Are native to California however these plants referred to here are cultivars.

Positive bsarg On Jun 30, 2003, bsarg from Worcester, MA (Zone 6a) wrote:

One of my favorite garden plants! Lovely foliage. If you pinch off the stems after blooming it goes for the whole season (May to frost here)although a dwindling supply of new flowers.Performs much better in light shade.

Negative Magazinewriter On Jun 29, 2003, Magazinewriter from Bloomfield Hills, MI wrote:

I bought three dicentra last year; only one came back this year. It just sits there limply and gives off a few wilted looking blooms.

Positive lupinelover On Jan 5, 2003, lupinelover from Grove City, OH (Zone 6a) wrote:

Fringed bleeding heart is much more forgiving of temporary hot/dry spells than the more commonly grown species. It stays above-ground and blooms if provided suitable moisture and shade, occasionally into the autumn.

Positive Terry On Mar 12, 2001, Terry from Murfreesboro, TN (Zone 7a) wrote:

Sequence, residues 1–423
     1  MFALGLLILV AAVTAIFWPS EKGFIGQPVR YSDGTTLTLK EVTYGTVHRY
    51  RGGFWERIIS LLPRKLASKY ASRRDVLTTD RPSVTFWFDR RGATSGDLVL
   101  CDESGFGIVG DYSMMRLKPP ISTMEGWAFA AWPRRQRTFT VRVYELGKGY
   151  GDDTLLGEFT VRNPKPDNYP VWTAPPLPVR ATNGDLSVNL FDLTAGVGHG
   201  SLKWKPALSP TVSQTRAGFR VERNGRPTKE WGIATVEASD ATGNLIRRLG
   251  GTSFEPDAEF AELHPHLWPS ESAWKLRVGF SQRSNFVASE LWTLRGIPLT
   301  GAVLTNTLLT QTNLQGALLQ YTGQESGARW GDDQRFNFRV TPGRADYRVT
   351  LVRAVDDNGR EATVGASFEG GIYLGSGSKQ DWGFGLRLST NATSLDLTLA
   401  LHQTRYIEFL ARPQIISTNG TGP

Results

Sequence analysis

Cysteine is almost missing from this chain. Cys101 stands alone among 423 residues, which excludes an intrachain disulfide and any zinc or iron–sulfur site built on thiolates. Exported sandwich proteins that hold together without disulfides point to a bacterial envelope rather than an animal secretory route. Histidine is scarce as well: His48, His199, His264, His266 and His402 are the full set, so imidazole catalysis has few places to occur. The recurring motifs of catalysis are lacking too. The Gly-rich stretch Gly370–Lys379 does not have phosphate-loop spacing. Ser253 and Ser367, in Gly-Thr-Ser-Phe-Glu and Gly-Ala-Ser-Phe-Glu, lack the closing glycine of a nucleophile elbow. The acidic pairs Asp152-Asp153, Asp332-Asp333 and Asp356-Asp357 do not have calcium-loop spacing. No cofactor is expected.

Has fern-like foliage and blooms intermittently through the summer. There are several varieties with flowers in shades of red or pink. The plant tolerates full sun if well-watered, although does best in partial shade.

Plant in a well-drained spot enriched with humus or peat. Fringed Bleeding Heart self seeds freely and may become overcrowded in time.

Regional...

This plant has been said to grow in the following regions:

,
Auburn, Alabama
Juneau, Alaska
Seward, Alaska
Carlotta, California
Sacramento, California
Niantic, Connecticut
Oxford, Connecticut
Mount Prospect, Illinois
Farmersburg, Indiana
Greenville, Indiana
Inwood, Iowa
Portland, Maine
Brookeville, Maryland
Gaithersburg, Maryland
Boxford, Massachusetts
Reading, Massachusetts
Worcester, Massachusetts
Grand Blanc, Michigan
Grand Rapids, Michigan
Madison Heights, Michigan
Mason, Michigan
Pinconning, Michigan
Royal Oak, Michigan
Minneapolis, Minnesota
Olive Branch, Mississippi
Hudson, New Hampshire
Princeton Junction, New Jersey
Ballston Lake, New York
Jefferson, New York
Queensbury, New York
Southold, New York
Cary, North Carolina
Elizabeth City, North Carolina
Norristown, Pennsylvania
Port Matilda, Pennsylvania
Wilkes Barre, Pennsylvania
Belton, South Carolina
Greenville, South Carolina
Knoxville, Tennessee
Murfreesboro, Tennessee
Fort Worth, Texas
Essex Junction, Vermont
Leesburg, Virginia
Springfield, Virginia
Kalama, Washington
Puyallup, Washington